Earthquake felt clearly by many Rome residents.
A 3.7-magnitude earthquake was registered in Rome's Castelli Romani area, about 20 kilometres south-east of the capital, at 22.43 on 23 June.
The earthquake's epicentre was near Colonna, a town of around 4,000 residents, and it occurred at a depth of nine kilometres according to the Rome-based National Institute of Geophysics and Volcanology (INGV).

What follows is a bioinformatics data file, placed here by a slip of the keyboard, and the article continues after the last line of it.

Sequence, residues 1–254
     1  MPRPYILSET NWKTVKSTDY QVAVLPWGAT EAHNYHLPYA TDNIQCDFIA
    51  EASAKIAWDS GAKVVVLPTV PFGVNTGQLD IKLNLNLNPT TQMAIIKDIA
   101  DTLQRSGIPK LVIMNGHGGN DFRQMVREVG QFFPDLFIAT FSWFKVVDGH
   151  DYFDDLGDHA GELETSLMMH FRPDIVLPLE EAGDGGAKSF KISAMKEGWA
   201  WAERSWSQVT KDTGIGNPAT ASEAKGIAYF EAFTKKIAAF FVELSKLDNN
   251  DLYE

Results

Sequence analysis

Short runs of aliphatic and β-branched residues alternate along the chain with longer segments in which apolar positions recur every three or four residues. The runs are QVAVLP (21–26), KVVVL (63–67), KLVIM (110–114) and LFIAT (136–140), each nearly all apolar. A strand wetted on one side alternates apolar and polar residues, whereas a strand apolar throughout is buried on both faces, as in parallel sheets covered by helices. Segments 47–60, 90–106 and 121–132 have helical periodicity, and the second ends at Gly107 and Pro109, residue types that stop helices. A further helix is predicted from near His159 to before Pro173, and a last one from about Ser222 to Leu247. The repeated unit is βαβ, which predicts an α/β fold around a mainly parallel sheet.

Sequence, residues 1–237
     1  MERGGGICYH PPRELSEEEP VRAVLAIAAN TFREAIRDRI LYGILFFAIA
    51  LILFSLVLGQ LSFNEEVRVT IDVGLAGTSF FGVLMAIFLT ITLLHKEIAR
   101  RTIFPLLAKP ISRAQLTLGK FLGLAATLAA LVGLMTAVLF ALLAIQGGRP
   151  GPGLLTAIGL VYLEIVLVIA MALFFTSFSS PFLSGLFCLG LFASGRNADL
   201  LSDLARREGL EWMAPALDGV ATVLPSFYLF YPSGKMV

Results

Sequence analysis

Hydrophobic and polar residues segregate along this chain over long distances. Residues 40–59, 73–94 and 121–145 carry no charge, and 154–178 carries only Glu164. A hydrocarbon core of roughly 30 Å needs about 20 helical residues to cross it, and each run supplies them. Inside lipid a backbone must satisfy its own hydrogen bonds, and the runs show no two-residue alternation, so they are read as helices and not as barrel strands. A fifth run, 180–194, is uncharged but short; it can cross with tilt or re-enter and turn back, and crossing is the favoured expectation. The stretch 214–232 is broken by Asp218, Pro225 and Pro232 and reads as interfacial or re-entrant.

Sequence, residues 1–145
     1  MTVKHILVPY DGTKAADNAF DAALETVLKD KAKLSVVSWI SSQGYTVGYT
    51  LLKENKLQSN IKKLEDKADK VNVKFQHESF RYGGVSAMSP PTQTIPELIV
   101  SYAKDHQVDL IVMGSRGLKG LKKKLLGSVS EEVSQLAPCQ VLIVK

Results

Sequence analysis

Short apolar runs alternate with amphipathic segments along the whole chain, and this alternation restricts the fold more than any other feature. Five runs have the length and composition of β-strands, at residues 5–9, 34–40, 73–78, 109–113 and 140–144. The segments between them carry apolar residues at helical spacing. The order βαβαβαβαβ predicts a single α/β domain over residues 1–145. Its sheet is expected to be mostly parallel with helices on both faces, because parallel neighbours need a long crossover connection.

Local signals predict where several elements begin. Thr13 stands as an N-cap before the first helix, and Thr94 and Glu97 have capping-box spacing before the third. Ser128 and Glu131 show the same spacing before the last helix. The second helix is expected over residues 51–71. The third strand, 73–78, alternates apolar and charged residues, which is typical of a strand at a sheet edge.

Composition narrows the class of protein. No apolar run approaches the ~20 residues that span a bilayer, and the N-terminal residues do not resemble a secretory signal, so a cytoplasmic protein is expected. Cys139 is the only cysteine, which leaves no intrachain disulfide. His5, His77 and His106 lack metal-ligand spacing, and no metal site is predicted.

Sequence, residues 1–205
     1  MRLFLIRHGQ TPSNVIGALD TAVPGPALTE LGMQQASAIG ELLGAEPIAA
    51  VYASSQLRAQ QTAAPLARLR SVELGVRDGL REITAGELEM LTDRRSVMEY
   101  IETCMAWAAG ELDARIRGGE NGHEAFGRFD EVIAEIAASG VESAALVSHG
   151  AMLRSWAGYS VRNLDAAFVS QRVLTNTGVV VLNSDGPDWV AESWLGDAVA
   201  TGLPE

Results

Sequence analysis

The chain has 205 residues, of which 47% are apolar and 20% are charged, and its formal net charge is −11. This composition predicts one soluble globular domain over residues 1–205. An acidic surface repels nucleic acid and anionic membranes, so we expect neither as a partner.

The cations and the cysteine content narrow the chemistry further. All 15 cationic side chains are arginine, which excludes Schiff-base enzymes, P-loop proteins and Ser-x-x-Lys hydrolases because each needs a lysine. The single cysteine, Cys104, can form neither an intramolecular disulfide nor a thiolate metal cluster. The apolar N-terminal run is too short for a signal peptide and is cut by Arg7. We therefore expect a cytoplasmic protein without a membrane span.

The tremor was felt clearly by many residents in Rome, however there are no reports of injuries or structural damage.
The earthquake was relatively light, particularly in comparison to the 6.2-magnitude quake
that devastated the Lazio town of Amatrice in 2016, causing 298 deaths.
The Castelli Romani area is known for frequent seismic activity but historically it is not associated with earthquakes of high magnitude, seismologist Carlo Meletti from INGV told Italian news agency ANSA.
The area's strongest documented earthquake dates back to 1806, with an estimated magnitude of 5.6.